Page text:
15
@9: "moderates from both parties should be focused on improving Obamacare" - hahaha! thanks for the laugh.

@2: i know you didn't, but it's important to remember the specifics of the Senate in that magical year. just say "Max Baucus" to yourself every time you think the ACA could have been better than it was. it passed ONLY because Reid circumvented cloture by using reconciliation. it was a legislative miracle, and it came at a phenomenally high price to Obama's presidency.
16
@12 They support something better than the ACA as long as it doesn't cost them a dime and as long as they don't have to make any sacrifice whatsoever. Single payer is entirely unfeasible under such conditions. Aside from the necessary tax increases it would require, healthcare is a massively profitable industry in this country and vast numbers of people who are milking this cash cow would have to agree to have their profits significantly curtailed.
18
@12: I'm from England. I've lived in the USA for the past 12 years. The USA most certainly is a reactionary rightwing country (with buggerall idea about how to run healthcare for the masses rather than for the 1% who make enormous profits from it).
19
@17 - That became abundantly clear via @14. Thanks. A little subtle - more successful, as such, at capturing Raindrop, who isn't opposed to reason (just not very good at it). Too soft with the milk of human kindness for SB.
20
Yet another reason to Support Bernie Sanders.
21
@7 &12

~40% voter turnout elections aren't representative of the mood of this country, especially because abstention is huge among the disenfranchised (usually poor). When ~60% of voters turnout to vote they elect Obama who probably uses every progressive buzzword in the lexicon while campaigning.
22
@21 should read @7 & 18
23
Thank you @3 and @8. Stop claiming Sanders can't win before the primaries have even begun. If we want to change the country's trajectory, we have the power, people just need to get out and vote. And i have no idea why Dan keeps agreeing w/Bernie's politics BUT won't vote for him. It is inauthentic and depressing.
24
@ 14 - "This country provides the best medical care available anywhere in the world"

Yeah, the thing is, that's actually not true.

http://www.forbes.com/sites/danmunro/201…
26
@5 & @13: I third this motion! It's just another punch to the pocketbook, right when I don't need one. I can barely afford rent and food and electricity (hey, I hear it's bad for your health to sleep outdoors, or starve, or get heat stroke in your own apartment), and this penalty makes me have to pay the IRS for the crime of being unable to afford health insurance. And that smug quote from Obama makes my blood boil.

"...if you looked at that person's budget, and you looked at their cable bill, their cell phone bill, other things that they're spending on, it may turn out that it's just they haven't prioritized health care..."

I don't have cable, and I need my phone to keep my job. Without a job, I certainly can't buy health insurance. Seriously, if a Republican had been so cavalier about a working class family's ability to afford something, he would have been skewered as a fat cat out of touch with the common man. Why does Obama get a pass?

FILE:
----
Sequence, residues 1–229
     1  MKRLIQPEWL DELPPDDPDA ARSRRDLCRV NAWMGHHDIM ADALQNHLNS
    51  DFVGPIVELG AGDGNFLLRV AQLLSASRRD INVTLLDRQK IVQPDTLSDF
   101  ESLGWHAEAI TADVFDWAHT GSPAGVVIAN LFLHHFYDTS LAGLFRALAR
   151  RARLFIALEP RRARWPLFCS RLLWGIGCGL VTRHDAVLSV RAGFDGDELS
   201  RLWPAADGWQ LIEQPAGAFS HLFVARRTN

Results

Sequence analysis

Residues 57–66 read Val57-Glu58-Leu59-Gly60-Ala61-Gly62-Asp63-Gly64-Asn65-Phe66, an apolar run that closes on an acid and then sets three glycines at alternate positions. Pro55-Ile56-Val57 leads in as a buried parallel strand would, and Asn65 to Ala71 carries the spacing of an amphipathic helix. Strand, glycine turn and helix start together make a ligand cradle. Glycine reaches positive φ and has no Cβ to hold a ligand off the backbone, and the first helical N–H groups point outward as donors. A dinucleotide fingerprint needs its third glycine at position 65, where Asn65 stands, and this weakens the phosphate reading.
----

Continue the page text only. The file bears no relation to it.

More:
Meanwhile, take a look at the index of the healthcare industry on any stock exchange after the passage of Obamacare. Look at the premiums of those who already had insurance. Up, up, up. If any Republican had made a deal so favorable to an already profitable industry (that lobbied so heavily!), he'd be called out as a crony. Why does Obama get a pass?

Indeed, it is far worse than nothing from where I sit.
27
@26: you sound like might you qualify for a subsidy, &/or your income is so low that the penalty won't amount to much. does your job not offer health insurance? why not? are you self-employed?
28
@8 @23 EXACTLY. Vote for Bernie so he can win the damn primary, that's how it works! You have to vote for him!

Register! Vote!
Bernie 2016!
29
@ 25 - It does, though. And had you looked at the link, you would have seen that. Look, our high costs aren't due to the quality of our care. That's a myth. These are the 50 most expensive hospitals in the United States:

http://www.wwmt.com/news/features/top-st…

These are the best hospitals in the United States:

http://health.usnews.com/best-hospitals/…

You will note a lack of overlap. That's because healthcare costs and healthcare outcomes do not have a causal link in the United States. To understand why, you need to understand what drives healthcare costs in the United States. If you're interested in learning more about this topic, this Youtube video is a really great place to start:

https://www.youtube.com/watch?v=qSjGouBm…
30
What I've always loved is the Republican argument that America can't afford universal healthcare.

America spends over 17% of its GDP on healthcare. Countries with universal healthcare tend to spend a little over half that: 9.1% in Britain, 11.2% in Germany, 11.7% in France, and so on. (These are 2013 figures.)